US signals more sanctions pressure as Iran faces financial crisis

Iranian media and officials have remained largely silent on Washington’s decision to sanction companies and individuals for violating US sanctions by exporting petrochemicals.

In a clear move to pressure Iran over stalled nuclear talks, the Biden administration on Thursday sanctioned Chinese, Emirati and Iranian companies engaged in the illicit export of Iranian petrochemicals.

One of Iran’s deputy foreign ministers, Mehdi Seferi, said on a state television program on Thursday evening that Iran could always set up new businesses for oil and petrochemical trade.

But the United States did not mince words when announcing the sanctions, after 15 months of indirect talks with Iran to revive the 2015 nuclear deal.

“The Biden administration has been sincere and determined to pursue a path of meaningful diplomacy to achieve a mutual return to full implementation of the Joint Comprehensive Plan of Action (JCPOA). In the absence of a deal, we will continue to use our sanctions authorities to limit exports of oil, petroleum products and petrochemicals from Iran,” a statement by Secretary of State Antony Blinken said after the Treasury Department announced the sanctions.

The move marked the administration’s new policy toward Iran that had favored the non-implementation of tough sanctions imposed by former President Donald Trump as year-long talks unfolded in Vienna. But the end of formal negotiations in March left the Biden team’s strategy at an impasse as Iran pursued its nuclear program by enriching uranium to a higher level and building leverage.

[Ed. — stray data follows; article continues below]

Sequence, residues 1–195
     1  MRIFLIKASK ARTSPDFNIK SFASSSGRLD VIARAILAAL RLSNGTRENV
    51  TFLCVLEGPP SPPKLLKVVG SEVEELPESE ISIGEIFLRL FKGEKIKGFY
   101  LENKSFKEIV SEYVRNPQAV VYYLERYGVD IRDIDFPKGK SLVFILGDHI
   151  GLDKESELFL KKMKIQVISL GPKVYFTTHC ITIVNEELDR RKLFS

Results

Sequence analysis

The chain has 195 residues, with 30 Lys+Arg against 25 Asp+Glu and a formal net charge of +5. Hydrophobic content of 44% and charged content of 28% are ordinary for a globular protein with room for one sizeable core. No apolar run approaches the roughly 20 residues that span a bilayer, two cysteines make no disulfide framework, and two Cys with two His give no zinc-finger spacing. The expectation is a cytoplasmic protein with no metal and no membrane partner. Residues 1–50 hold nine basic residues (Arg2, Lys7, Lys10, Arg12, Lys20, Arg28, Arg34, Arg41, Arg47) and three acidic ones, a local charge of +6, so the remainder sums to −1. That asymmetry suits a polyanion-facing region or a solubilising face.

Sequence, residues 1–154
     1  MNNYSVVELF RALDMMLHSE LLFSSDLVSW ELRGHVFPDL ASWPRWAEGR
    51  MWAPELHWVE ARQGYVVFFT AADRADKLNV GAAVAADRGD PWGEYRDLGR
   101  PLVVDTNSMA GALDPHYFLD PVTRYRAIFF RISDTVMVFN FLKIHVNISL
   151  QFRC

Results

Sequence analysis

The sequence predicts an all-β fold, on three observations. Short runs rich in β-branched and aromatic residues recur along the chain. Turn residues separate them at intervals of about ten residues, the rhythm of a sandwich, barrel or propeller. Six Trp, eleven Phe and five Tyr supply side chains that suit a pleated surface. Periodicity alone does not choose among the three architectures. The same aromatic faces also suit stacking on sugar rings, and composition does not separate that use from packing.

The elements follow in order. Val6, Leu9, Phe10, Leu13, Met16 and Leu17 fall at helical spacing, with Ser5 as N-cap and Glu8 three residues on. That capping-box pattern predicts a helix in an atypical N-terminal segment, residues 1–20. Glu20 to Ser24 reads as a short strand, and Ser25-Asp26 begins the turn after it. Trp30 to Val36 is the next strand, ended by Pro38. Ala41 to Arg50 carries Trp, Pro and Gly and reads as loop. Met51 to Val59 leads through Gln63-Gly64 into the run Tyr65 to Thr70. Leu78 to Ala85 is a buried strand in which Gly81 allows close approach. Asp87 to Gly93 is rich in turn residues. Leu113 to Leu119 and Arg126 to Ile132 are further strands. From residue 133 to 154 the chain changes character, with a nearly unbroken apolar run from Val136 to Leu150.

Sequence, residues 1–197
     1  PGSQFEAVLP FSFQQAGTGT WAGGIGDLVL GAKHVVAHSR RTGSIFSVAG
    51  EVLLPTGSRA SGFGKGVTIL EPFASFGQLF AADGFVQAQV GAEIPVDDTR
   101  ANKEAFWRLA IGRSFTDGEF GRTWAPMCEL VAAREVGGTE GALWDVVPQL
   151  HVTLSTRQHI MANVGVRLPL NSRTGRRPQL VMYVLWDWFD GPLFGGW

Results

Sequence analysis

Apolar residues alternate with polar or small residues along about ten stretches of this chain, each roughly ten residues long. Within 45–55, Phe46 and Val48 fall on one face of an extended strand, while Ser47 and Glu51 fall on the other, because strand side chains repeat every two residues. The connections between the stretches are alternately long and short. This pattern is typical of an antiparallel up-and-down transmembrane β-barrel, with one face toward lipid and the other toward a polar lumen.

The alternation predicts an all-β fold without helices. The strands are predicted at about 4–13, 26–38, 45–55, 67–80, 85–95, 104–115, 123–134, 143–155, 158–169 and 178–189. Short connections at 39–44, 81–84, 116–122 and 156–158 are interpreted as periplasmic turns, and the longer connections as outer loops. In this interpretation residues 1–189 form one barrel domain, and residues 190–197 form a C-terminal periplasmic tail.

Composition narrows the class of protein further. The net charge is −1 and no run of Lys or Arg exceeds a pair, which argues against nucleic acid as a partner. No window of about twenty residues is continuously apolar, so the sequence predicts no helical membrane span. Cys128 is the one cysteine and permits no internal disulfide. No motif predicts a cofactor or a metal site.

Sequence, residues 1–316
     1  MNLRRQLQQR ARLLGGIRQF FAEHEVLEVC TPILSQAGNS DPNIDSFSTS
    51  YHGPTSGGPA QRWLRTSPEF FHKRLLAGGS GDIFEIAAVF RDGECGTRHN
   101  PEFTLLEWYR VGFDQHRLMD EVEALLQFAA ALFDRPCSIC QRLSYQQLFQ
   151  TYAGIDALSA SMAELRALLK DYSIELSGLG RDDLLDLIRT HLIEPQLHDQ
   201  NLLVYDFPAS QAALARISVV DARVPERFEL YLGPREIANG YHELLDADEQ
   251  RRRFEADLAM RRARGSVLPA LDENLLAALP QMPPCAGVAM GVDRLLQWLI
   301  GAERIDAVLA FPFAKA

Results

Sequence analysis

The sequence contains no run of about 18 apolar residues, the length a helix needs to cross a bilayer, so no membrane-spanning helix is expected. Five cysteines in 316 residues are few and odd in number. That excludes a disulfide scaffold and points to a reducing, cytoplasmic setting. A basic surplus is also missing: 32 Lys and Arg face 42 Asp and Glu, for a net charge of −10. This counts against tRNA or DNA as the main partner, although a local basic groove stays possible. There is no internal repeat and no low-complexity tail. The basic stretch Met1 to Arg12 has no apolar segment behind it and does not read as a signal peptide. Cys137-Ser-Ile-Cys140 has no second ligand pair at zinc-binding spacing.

At a time, The Wall Street Journal revealed Thursday that the United States had been secretly coordinating Israeli airstrikes against Iranian targets in Syria since the campaign began in 2017. Israel shared its plans ahead of most airstrikes, the WSJ quoted current and former US officials as saying. .

Deputy Foreign Minister Seferi, however, remained defiant, saying Iran had been under various sanctions for four decades and had its own means of self-sufficiency, exports and imports.

“The Americans are adding people to their sanctions list every day, but these sanctions will not be an obstacle to the sale of petrochemicals, and everything will continue as normal,” Seferi said.

In the real world, however, it is not easy for Iran to sustain the extra level of exports it has achieved since the Biden administration came to power. From a low of 250,000 barrels of crude oil sold per day in 2019, Iran’s exports reached almost a million barrels in early 2022. China was the main customer because it knew that Washington would not enforce not the sanctions as it aimed to reinstate the JCPOA. .

Now the United States is signaling that the rules of the game have changed and pressure will be put on third parties buying Iranian exports and those involved as middlemen.

Already, Iranian crude exports fell in May because of Russian competition, which offers cheaper oil to China.

Iran’s revenue from petroleum and petrochemical products was $23 billion from March 2021 to March 2022 and it aimed to increase it to $27 billion. The foreign currency generated competes with crude exports and is vital for Iran in the context of its current economic crisis.

Just this week, as the national currency fell to a historic low, the government ordered petrochemical exporters to sell their dollars on the local market to drive down the exchange rate. The effort had a modest impact and for the moment the Iranian rial has stabilized.

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